temperature regulation) Food (nutrients needed to supply energy and raw materials for building new living matter) c. Oxygen (used in releasing energy from nutrients) d. Heat (a byproduct of metabolism; its presence governs the rate at which reactions occur) e. Pressure (force required to facilitate movement of air or fluids) 2. Both the quality and quantity of these factors are important. B. Homeostasis (p. 5; Figs. 1.4 -1.7) 1. Maintenance of a stable internal environment is called homeostasis. 2. Homeostasis is regulated through control systems, which have receptors, a set point and effectors in common. Examples include: a. Homeostatic mechanisms regulate body temperature in a manner similar to the functioning of a home heating thermostat (Fig. 1.6 – 1.7). b. Another homeostatic mechanism employs pressure-sensitive receptors to regulate blood pressure. 3. Most of the body's homeostatic controls involve negative feedback mechanisms, but there a few examples of positive feed back systems that operate for short periods of time in the human body. 4. Each individual uses homeostatic mechanisms to keep body levels within a normal range; normal ranges can vary from one individual to the next. 1.6 Organization of the Human Body (p. 8; Fig. 1.8) A. Major features of the human body include its cavities, membranes, and organ systems. B. Body Cavities (p. 8) 1. The body can be divided into an appendicular portion (upper and lower limbs) and an axial portion (head, neck, and trunk), which includes a dorsal and a ventral cavity. Organs within these cavities are called viscera. a. The dorsal cavity can be divided into the cranial cavity and vertebral canal. b. The ventral cavity is made up of a thoracic cavity and an abdominopelvic cavity, separated by the diaphragm. i. The mediastinum divides the thorax into right and left halves. ii. The abdominopelvic cavity can be divided into the abdominal cavity and the pelvic cavity. c. Smaller cavities within the head include the oral cavity, nasal cavity, orbital cavities, and middle ear cavities. C. Thoracic and Abdominopelvic Membranes (p. 8; Figs. 1.9-1.10) 1. The thoracic cavity is lined with pleura; the parietal pleura lines the cavities while the visceral pleura covers the lungs. A thin layer of serous fluid separates the two layers. 2. The heart is surrounded by pericardium. The visceral pericardium covers the heart and the parietal pericardium makes up an outer sac. Serous fluid separates the two layers. 3. Peritoneum lines the abdominopelvic cavity; a parietal peritoneum lines the wall while visceral peritoneum covers the organs. D. Organ Systems (p. 11) 1. Body Covering (p. 11) a. The integumentary system, including skin, hair, nails, and various glands, covers the body, senses changes outside the body, and helps regulate body temperature. 2. Support and Movement (p. 11) a. The skeletal system, made up of bones and ligaments, supports, protects, b.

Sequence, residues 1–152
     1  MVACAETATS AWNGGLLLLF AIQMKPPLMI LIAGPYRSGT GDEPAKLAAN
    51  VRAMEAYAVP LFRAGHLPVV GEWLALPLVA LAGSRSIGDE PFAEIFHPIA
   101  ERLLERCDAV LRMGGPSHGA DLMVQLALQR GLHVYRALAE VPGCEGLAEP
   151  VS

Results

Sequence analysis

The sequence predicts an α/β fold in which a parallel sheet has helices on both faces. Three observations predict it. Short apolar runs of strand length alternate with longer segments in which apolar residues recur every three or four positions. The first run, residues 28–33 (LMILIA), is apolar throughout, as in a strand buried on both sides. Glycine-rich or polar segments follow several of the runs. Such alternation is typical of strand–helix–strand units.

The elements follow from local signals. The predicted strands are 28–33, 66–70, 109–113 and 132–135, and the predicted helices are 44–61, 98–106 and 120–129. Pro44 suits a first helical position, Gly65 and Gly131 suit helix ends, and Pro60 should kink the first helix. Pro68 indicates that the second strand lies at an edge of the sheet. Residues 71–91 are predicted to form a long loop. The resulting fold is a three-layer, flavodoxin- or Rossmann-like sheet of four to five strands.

provides frameworks, stores inorganic salts, and houses blood-forming tissues. b. The muscular system consists of the muscles that provide body movement, posture, and body heat. 3. Integration and Coordination (p. 13) a. The nervous system consists of the brain, spinal cord, nerves, and sense organs. It integrates information incoming from receptors and sends impulses to muscles and glands. b. The endocrine system, including all of the glands that secrete hormones. Hormones circulate in the body fluids and act on specific target cells to help to integrate and control metabolic functions. 4. Transport (p. 13) a. The cardiovascular system, made up of the heart and blood vessels, distributes oxygen and nutrients throughout the body while removing wastes from the cells. b. The lymphatic system, consisting of lymphatic vessels, lymph nodes, thymus, and spleen, drains excess tissue fluid and includes cells of immunity. 5. Absorption and Excretion (p.13) a. The digestive system, made up of the mouth, esophagus, stomach, intestines and accessory organs, receives, breaks down, and absorbs nutrients. b. The respiratory system exchanges gases between the blood and air and is made up of the lungs and passageways for air. c. The urinary system, consisting of the kidneys, ureters, bladder, and urethra, removes wastes from the blood and helps to maintain water and electrolyte balance. 6. Reproduction (p. 13) a. The reproductive system produces new organisms. i. The male reproductive system consists of the testes, accessory organs, and vessels that conduct sperm to the penis. ii. The female reproductive system consists of ovaries, uterine tubes, uterus, vagina, and external genitalia. The female reproductive system also houses the developing offspring. 1.7 Anatomical Terminology (p. 14) A. Relative Positions 1. Terms of relative position are used to describe the location of a part relative to another part. 2. Terms of relative position include: superior, inferior, anterior, posterior, medial, lateral, proximal, distal, superficial (peripheral), and deep. B. Body Sections (Figs. 1.13-1.14) 1. A sagittal section divides the body into right and left portions. 2. A transverse section divides the body into superior and inferior portions. 3. A coronal section divides the body into anterior and posterior sections. 4. Sometimes a cross section, oblique section, or longitudinal section will be made through a cylindrical organ. C. Body Regions (Figs. 1.15-1.16) 1. The abdominal area can be divided into nine regions. 2. Terms used to refer to various body regions are depicted in Fig. 1.16.


To top